RE: contact
By kd9280 on 4/28/11, Rating: -1
RE: contact
By MrBlastman on 4/28/2011 11:07:29 AM , Rating: 3
How is that statement he made bigoted? How about you get your politically correct thumb out of your behind before you make such an absurd observation. Since when is speaking your opinion a "bigoted" statement when it might possibly hold a bit of truth?

Is it because the truth hurts? Lately, the politically correct crowd like to cry racism or bigotism at anything that is said that is realistic that brings out the darker side to all of their ideals.

RE: contact
By kd9280 on 4/28/11, Rating: -1
RE: contact
By MrBlastman on 4/28/2011 12:54:05 PM , Rating: 3
@kd (not gonna get a -1 just to reply :))

SO you base your assesment of the lesbian community as a whole through a narrow-filtered lens that is comprised only of a sampling of Hollywood celebrities? Hahaha.

You live in a sad fishbowl. Hollyweird is NOT the whole world. I shudder thinking what Earth would be like if it were.

RE: contact
By kd9280 on 4/28/11, Rating: -1
RE: contact
By derricker on 4/28/2011 7:45:53 PM , Rating: 2
Yes, they are, he is not being bigoted, he is just telling the truth, ah wait, being bigoted must mean to you when one person is guilty of not following the politically correct establishment.

And that quote of about hollywood stars, ellen degeneres?? hot?? please, don't be so bigoted...

RE: contact
By Anoxanmore on 4/27/2011 4:49:36 PM , Rating: 2
That is why we shave Brandon. :P

RE: contact
By OCNewbie on 4/27/2011 5:36:36 PM , Rating: 5
Now I know why you're supposed to put a comma before someone's name, when addressing them in a sentence.

RE: contact
By Quadrillity on 4/28/2011 11:18:52 AM , Rating: 2

RE: contact
By Astral Abyss on 4/29/2011 11:47:33 AM , Rating: 2
Reply of the Year.

RE: contact
By delphinus100 on 4/27/2011 10:55:09 PM , Rating: 2
I believe you mean this...

This wasn't too bad at making the same point, either...

This is sad...
By MrBlastman on 4/27/2011 12:51:59 PM , Rating: 2
Sad, but, there are other telescopes to fulfill the role for the time being. I really like the premise behind SETI and the processing of information from these radio telescopes. The only thing is, would highly advanced alien life actually be using RF transmissions?

They might--perhaps, less developed life. But, in reality, I don't think it matters in the end as any transmission we receive through these telescopes (assuming we do and then manage to identify it through all the mounds of data), will more than likely be hundreds if not thousands or more years old (maybe even millions).

I guess, in the least, it will tell us that--yes, life is out there which may be an eye-opener for the world to those who still think we're completely alone in this gigantic universe.

There is one curious thing though that still sits in the back of my thoughts--and it is that the advanced life out there more than likely has moved from RF transmissions and on to either something at the quantum level or perhaps the outlandish string level, thus allowing them to bridge the expanse of the universe in a very quick manner. Who knows, perhaps they've even binged upon the gravitational-relay level through warping of the folds or if on the string level--possibly using multi-dimensional communication to bridge vast distances in a higher dimension by upstepping it(which really wouldn't be a vast distance there) and then downstepping it back into our 3-4 dimensionality thus relegating the physical distances here as a non-issue by bypassing them completely.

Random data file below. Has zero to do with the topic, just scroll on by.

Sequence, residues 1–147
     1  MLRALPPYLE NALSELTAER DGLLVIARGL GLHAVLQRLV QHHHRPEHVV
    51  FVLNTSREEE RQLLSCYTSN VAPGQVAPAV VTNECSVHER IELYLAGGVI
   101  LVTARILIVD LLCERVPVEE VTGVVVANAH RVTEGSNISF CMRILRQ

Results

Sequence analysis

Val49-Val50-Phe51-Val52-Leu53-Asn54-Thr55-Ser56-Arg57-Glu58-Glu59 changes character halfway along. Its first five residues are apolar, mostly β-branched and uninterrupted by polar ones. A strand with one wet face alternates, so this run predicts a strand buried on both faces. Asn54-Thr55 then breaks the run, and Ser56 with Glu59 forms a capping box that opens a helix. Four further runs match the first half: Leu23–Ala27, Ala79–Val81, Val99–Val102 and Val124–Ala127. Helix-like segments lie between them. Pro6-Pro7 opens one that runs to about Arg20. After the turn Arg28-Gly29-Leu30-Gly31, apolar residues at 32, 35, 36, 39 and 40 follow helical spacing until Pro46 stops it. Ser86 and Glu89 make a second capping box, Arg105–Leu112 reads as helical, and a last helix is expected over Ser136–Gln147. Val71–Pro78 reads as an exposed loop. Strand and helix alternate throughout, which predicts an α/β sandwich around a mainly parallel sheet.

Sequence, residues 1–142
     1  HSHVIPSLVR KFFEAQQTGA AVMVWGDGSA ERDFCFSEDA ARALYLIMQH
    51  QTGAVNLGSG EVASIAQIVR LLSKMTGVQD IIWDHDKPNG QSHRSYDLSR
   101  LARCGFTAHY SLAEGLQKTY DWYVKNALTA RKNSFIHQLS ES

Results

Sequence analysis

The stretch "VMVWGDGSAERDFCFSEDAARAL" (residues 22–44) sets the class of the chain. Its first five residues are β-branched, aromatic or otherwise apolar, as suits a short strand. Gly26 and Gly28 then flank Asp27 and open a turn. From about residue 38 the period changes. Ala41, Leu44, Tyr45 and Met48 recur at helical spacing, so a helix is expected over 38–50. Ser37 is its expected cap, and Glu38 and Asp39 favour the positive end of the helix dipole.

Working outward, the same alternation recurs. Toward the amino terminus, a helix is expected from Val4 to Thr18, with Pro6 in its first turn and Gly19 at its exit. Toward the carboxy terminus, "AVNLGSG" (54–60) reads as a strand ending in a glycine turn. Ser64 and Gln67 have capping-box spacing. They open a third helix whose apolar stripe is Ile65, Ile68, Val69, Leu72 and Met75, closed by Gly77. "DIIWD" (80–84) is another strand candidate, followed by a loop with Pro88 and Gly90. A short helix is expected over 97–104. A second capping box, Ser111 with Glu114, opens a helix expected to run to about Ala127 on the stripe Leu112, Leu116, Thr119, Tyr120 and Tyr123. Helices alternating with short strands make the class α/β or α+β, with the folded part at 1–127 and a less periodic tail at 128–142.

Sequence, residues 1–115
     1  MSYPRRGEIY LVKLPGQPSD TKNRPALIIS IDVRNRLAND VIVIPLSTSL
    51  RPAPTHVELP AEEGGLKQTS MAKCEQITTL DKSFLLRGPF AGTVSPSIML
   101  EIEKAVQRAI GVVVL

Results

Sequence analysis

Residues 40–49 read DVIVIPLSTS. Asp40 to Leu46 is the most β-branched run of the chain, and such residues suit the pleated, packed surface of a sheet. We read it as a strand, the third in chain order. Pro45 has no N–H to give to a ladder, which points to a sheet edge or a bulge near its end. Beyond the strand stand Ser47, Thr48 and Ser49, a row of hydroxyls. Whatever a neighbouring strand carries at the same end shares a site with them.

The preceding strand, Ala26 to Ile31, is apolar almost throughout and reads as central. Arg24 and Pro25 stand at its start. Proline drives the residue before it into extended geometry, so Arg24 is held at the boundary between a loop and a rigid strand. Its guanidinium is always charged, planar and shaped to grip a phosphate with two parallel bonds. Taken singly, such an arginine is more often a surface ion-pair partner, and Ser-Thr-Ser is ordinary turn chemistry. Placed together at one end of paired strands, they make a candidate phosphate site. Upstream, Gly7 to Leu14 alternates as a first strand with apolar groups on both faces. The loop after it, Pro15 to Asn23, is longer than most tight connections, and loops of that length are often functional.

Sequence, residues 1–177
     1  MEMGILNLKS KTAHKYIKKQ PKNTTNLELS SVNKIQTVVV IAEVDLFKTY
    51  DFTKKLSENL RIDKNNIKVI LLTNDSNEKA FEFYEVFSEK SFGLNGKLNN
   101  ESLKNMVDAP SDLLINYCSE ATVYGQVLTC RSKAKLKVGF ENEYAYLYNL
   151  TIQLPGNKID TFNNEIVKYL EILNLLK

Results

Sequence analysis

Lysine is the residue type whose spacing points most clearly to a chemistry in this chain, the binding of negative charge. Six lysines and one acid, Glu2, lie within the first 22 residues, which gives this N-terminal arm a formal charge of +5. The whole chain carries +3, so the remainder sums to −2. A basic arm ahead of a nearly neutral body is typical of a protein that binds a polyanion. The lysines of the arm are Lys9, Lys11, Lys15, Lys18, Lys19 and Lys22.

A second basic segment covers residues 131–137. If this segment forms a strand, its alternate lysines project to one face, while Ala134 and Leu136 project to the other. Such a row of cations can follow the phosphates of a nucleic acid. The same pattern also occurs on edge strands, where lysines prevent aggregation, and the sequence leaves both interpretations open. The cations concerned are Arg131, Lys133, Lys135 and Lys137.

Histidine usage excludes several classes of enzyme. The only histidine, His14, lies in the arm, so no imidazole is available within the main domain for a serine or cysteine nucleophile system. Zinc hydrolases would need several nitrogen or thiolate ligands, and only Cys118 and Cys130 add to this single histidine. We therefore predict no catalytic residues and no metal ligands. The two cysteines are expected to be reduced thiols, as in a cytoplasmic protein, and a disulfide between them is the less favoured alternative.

Thus, even the equipment we have now will never see nor find anything at all. Still, the chance, the very infinitessimally small chance that we -do- find something, I really think is completely worth the funding and investment to have that chance. It might not change the technology of society immediately if we do find it, but it could certainly change our worldview completely and set mankind on a better course.

RE: This is sad...
By MozeeToby on 4/27/2011 2:00:11 PM , Rating: 2
As much as I want to believe there are other intelligences out there, the more I ponder the question the more I have to admit that we are probably alone, at least in our galaxy.

The habitable area of the galaxy moves outward with time as stars fuse low weight elements into the elements that are needed for life, a process that happens faster the closer you get to the core. If life is common we should have much older siblings closer to the core. Once you posit that aliens would have a multi-hundred million year head start on us, everything else just falls to pieces.

We already have an idea of an upper limit to how hard it will be to travel to a neighboring star; hell, NASA had rudimentary plans drawn up 60 years ago. Don't get me wrong, it's very difficult, but if we really poured resources into it we could have a mission en route to an extrasolar planet by the end of the century traveling at a low fraction the speed of light (<5%). With a bit more work that probe could be designed to build copies of itself upon arrival and launch them out to the next nearest stars. If this sounds farfetched, just remember how much technological progress has been accomplished in the past 100 years, and keep in mind that it should be possible to send software, and even hardware updates (to be manufactured and installed en route) to the probe as it travels.

In this way, humanity could put a small fleet of autonomous probes into every single stellar system in the galaxy in less than 300 million years, literally a blink of an eye in cosmological time frames. And that is assuming only technology which is reasonably predicted to occur within, at most, the next 500 years of progress. Who can even guess what technology will produce thousands, let alone millions, of years from now.